integration of sec x tan x
Understand the Problem
The question is asking for the integral of the function sec(x)tan(x), which is a common integral in calculus. It is seeking the antiderivative of this expression.
Answer
$\text{sec}(x) + C$
Answer for screen readers
The final answer is $\int ext{sec}(x) ext{tan}(x) , dx = ext{sec}(x) + C$
Steps to Solve
- Recognize the integral of a basic function
The function $ ext{sec}(x) ext{tan}(x)$ is a known derivative in calculus. Specifically, it is the derivative of the secant function:
$$\frac{d}{dx}[ ext{sec}(x)] = ext{sec}(x) ext{tan}(x)$$
- Use the basic integral rule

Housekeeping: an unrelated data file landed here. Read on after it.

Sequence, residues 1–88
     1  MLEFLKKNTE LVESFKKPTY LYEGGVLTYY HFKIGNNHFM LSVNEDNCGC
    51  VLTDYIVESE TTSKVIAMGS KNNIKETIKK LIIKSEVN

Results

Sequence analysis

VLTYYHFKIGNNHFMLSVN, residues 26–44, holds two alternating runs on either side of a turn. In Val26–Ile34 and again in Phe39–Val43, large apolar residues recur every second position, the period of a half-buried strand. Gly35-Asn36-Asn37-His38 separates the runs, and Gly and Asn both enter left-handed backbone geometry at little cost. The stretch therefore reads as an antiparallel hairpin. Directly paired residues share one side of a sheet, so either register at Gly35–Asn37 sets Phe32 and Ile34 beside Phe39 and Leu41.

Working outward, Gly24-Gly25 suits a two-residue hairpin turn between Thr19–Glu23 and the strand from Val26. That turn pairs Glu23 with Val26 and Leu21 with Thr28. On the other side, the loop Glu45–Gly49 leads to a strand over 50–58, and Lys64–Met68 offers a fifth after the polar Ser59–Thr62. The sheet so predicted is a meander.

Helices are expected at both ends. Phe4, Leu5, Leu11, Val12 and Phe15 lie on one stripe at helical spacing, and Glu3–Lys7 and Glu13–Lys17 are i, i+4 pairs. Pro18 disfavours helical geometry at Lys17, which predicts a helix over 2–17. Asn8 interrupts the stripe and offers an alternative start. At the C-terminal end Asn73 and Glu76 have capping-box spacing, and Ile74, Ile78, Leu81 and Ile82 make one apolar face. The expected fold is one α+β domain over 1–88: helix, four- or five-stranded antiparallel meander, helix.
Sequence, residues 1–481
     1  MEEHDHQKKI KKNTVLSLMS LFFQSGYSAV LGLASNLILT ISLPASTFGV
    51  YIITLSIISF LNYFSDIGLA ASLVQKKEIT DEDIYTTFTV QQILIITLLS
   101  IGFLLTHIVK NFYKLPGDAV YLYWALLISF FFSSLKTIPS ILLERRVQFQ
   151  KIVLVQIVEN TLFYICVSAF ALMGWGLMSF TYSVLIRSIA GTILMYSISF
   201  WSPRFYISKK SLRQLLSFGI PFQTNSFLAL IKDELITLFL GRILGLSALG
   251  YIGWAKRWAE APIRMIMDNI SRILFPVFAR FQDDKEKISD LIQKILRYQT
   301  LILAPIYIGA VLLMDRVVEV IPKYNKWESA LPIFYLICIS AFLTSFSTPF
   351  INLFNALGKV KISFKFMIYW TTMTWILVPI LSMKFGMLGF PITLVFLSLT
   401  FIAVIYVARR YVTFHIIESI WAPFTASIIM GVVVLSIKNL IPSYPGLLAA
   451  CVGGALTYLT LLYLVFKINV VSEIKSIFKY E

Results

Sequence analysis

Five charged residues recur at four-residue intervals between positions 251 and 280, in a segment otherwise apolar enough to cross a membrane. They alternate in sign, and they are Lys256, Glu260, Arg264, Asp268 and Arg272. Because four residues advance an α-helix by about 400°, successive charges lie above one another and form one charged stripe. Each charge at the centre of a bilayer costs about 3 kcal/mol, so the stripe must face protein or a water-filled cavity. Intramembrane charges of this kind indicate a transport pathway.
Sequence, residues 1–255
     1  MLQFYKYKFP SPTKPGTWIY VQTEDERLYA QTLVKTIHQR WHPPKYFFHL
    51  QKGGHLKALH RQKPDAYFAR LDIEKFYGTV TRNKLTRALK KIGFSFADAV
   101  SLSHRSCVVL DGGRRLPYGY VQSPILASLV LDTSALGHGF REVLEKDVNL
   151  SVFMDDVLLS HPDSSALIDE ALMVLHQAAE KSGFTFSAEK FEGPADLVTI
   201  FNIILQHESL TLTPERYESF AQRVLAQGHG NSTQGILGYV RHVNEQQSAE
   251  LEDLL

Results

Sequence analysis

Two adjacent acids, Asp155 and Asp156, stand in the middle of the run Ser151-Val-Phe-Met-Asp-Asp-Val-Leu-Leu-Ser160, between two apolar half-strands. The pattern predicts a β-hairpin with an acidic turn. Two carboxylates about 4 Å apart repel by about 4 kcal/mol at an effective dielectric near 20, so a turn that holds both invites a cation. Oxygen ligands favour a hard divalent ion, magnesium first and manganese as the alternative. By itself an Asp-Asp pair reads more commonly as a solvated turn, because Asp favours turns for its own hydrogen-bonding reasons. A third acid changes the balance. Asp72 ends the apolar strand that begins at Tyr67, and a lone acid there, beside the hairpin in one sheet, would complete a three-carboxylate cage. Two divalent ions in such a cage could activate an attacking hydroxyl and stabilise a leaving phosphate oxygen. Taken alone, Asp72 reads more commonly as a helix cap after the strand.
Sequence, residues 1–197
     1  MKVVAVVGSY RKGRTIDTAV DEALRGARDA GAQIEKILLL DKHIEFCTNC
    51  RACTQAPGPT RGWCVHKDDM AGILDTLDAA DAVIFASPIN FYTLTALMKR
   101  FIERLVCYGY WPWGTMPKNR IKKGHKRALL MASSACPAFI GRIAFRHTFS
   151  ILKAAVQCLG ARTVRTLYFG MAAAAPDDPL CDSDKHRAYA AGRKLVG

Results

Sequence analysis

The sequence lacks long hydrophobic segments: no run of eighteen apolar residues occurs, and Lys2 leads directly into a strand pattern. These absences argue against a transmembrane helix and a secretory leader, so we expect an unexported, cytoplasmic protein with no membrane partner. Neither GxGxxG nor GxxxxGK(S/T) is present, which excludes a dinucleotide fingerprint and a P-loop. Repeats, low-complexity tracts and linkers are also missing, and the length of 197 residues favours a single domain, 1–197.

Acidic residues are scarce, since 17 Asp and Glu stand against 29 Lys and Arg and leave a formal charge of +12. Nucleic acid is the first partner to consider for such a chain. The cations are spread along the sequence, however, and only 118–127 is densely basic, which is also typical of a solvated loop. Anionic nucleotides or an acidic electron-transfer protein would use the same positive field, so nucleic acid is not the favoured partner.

Since we recognize that $ ext{sec}(x) ext{tan}(x)$ is the derivative of $ ext{sec}(x)$, the integral of $ ext{sec}(x) ext{tan}(x)$ will be the original function $ ext{sec}(x)$ plus a constant of integration $C$.
Therefore, the integral of $ ext{sec}(x) ext{tan}(x)$ is:
$$\int ext{sec}(x) ext{tan}(x) , dx = ext{sec}(x) + C$$
The final answer is $\int ext{sec}(x) ext{tan}(x) , dx = ext{sec}(x) + C$
More Information
Integrating the function $\text{sec}(x)\text{tan}(x)$ gives us the antiderivative $\text{sec}(x)$, which is a common result in calculus.
Tips
A common mistake is forgetting to add the constant of integration $C$. Always remember to include it when finding antiderivatives.